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Hanson, Mass. Developer Faces Fines for Clean Water Violations

Release Date: 05/07/2008
Contact Information: Paula Ballentine, (617) 918-1027

(Boston, Mass. – May 7, 2008) - A residential developer and a construction company in Hanson, Mass. face a penalty of up to $157,500 for alleged storm water discharges from a construction site.

Dunham Farm Condominium is an eleven-acre residential development owned by Dunham Farm, LLC and run by contractor Callahan, Inc. On March 27, 2007, an EPA inspector discovered that these parties violated the NPDES General Permit for Storm Water Discharges from Construction Activities, issued to the companies under the Clean Water Act.

Specifically, Dunham Farm, LLC and Callahan, Inc. failed to document routine facility inspections at the development site and failed to properly implement and maintain “best management” practices, which include erosion and sediment controls, such as drainage basins, silt barriers, and berms, at the site.

Consequently, during storm events that occurred in the summer of 2006, storm water laden with sediment flowed from the development site into a bordering vegetated wetland. A stream forms in this wetland that ultimately reaches the Taunton River and flows into the Atlantic Ocean.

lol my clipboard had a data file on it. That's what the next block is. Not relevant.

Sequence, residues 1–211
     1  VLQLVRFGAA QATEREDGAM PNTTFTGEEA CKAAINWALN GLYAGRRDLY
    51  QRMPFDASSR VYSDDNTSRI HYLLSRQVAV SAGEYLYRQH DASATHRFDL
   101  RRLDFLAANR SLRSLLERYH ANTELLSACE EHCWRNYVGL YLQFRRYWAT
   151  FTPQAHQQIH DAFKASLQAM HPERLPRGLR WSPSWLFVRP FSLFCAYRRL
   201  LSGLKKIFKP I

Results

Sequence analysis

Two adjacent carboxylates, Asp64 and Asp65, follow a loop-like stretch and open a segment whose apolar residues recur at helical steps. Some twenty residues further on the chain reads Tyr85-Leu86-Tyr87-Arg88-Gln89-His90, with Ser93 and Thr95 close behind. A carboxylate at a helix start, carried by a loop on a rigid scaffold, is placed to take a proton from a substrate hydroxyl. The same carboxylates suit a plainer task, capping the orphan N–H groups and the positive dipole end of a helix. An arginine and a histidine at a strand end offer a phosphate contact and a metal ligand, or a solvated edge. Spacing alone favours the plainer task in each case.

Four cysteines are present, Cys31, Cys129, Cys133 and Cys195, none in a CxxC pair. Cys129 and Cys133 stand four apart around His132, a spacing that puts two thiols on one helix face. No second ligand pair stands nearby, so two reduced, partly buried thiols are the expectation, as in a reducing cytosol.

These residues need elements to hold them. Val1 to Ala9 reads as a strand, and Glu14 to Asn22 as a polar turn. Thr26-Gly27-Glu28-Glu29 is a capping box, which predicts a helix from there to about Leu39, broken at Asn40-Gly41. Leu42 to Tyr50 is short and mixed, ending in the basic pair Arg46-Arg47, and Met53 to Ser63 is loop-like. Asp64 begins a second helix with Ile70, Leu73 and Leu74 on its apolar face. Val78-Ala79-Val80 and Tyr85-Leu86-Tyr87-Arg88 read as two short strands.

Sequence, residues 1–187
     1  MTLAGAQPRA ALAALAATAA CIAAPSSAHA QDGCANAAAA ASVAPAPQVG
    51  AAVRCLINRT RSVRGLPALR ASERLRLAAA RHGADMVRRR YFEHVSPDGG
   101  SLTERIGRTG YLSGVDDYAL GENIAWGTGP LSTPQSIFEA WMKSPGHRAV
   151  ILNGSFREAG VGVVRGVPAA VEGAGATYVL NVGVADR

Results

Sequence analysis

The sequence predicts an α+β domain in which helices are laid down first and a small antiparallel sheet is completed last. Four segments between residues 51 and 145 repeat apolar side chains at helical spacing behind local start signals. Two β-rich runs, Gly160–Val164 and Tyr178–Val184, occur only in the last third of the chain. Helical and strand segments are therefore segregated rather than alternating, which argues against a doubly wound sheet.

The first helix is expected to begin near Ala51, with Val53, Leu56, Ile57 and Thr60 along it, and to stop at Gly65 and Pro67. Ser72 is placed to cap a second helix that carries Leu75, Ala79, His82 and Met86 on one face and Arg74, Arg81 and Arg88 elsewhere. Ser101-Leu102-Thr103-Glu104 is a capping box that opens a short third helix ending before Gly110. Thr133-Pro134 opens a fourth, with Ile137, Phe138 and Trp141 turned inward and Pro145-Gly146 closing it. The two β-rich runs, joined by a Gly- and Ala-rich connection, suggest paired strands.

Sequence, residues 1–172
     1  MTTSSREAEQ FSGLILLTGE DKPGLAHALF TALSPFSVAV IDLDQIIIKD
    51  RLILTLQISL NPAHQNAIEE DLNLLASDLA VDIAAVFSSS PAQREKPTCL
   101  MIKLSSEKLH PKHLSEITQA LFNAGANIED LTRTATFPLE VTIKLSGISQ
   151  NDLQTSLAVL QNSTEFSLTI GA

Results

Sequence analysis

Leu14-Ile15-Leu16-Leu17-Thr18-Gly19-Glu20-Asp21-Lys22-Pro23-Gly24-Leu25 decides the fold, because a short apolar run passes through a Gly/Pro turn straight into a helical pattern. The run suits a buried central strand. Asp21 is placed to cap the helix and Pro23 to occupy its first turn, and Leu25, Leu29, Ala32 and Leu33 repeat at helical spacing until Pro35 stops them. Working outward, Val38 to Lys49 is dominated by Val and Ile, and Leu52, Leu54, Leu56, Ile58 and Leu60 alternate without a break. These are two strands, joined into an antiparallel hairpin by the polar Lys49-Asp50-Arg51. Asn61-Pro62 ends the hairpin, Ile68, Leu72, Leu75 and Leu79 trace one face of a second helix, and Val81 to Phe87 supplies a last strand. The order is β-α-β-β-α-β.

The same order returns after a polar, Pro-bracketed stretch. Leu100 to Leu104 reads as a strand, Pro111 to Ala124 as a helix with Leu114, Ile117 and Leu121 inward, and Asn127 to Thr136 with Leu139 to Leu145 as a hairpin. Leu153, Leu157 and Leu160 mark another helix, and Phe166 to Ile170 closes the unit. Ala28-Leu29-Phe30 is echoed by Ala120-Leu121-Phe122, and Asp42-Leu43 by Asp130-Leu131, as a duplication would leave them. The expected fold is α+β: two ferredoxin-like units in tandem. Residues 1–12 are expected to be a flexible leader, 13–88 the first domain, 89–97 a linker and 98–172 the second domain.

"Storm water controls are very important in protecting New England's waters, especially among builders and developers whose construction activities can have significant environmental impacts if done improperly," said Robert W. Varney, regional administrator of EPA's New England Office.

EPA is working hard to bring developers and builders into compliance with storm water runoff regulations. The effort includes extensive compliance assistance activities, including workshops and training materials, as well as an enforcement sweep. EPA is developing written materials, web sites, workshops, and other products to help those involved in construction projects understand how to comply with storm water laws.

More Information:
Storm Water Permits
Clean Water Enforcement in New England
Storm water issues in New England